Tuesday, December 6, 2011

The Second Tuesday of Advent

Second Tuesday in Advent
December 6, 2011

Then Amaziah, the priest of Bethel, sent to King Jeroboam of Israel, saying, “Amos has conspired against you in the very center of the house of Israel; the land is not able to bear all his words. For thus Amos has said, ‘Jeroboam shall die by the sword, and Israel must go into exile away from his land.’” And Amaziah said to Amos, “O seer, go, flee away to the land of Judah, earn your bread there, and prophesy there; but never again prophesy at Bethel, for it is the king’s sanctuary, and it is a temple of the kingdom.” Then Amos answered Amaziah, “I am no prophet, nor a prophet’s son; but I am a herdsman, and a dresser of sycamore trees, and the Lord took me from following the flock, and the Lord said to me, ‘Go, prophesy to my people Israel.’ (Amos 7:10-15)

The Lord is my strength and my shield; in him my heart trusts; so I am helped, and my heart exults, and with my song I give thanks to him. The Lord is the strength of his people; he is the saving refuge of his anointed. O save your people, and bless your heritage; be their shepherd, and carry them forever. (Psalm 28:7-9)

King Jeroboam did not want to hear the prophetic words that Amos was speaking, and understandably so. Amos said that the king would die violently and the people of Israel would be hauled off into exile. So, in hearing these disturbing words, rather than change his ways and turn himself and the nation to the Lord, he told Amos to head south to the southern kingdom of Judah. Maybe he figured that what he couldn’t hear wouldn’t hurt him. He was wrong.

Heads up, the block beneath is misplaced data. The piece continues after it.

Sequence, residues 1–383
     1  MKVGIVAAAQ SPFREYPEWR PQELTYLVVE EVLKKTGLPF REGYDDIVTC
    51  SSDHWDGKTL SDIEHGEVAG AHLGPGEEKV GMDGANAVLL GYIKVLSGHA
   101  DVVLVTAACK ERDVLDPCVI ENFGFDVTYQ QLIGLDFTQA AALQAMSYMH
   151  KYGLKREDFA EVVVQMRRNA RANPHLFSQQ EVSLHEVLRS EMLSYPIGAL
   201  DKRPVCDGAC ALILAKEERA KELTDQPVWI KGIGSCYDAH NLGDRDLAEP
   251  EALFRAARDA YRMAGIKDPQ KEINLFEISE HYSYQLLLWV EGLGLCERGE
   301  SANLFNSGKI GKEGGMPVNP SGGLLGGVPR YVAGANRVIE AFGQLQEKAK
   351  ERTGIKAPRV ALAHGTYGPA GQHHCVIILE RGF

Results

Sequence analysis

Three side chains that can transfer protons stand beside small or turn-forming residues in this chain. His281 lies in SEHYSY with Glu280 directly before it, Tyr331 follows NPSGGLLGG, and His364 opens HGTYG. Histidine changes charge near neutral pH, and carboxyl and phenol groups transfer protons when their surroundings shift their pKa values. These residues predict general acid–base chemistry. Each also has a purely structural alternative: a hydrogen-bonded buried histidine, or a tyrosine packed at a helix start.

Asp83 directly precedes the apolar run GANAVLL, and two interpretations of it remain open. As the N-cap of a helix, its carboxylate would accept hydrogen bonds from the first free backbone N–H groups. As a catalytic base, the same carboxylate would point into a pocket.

For his part, Amos confessed that he was not an expert at the prophetic role, but was just a humble working man. It was the Lord who had called him out and gave him this difficult assignment, and he obeyed. Amos wasn’t seeking power or notoriety; he was only responding to the call of God for that moment in time. While his word was good, the hearers did not hear.

Prophets who challenge the status quo are rarely heard. Just after the massive financial collapse of 2008, it was discovered that a number of economically-savvy people had warned about this disaster. If nations (particularly the US) didn’t act responsibly, then calamity would surely follow. Apparently no one who could facilitate change listened to the warnings, and the collapse came as predicted.

In the events surrounding the birth of Jesus we see the same kind of dynamics at work. Israel had long awaited her Messiah and prophets had told of his coming. Visiting astrologers from Persia came in search of the Messiah, and king Herod recognized that the time had come when his kingship would be exposed for the sham that it was. So he responded as quickly as he could with a violent act of infanticide. If you can’t hush up the prophetic words, then murder just might do the trick. Herod was also wrong.

The ones who remain in hope, however, continue to look to the Lord. They know better than to bank on the machinations of the dominant ones in power. Instead, they speak out their confidence in God: “O save your people, and bless your heritage; be their shepherd, and carry them forever.”

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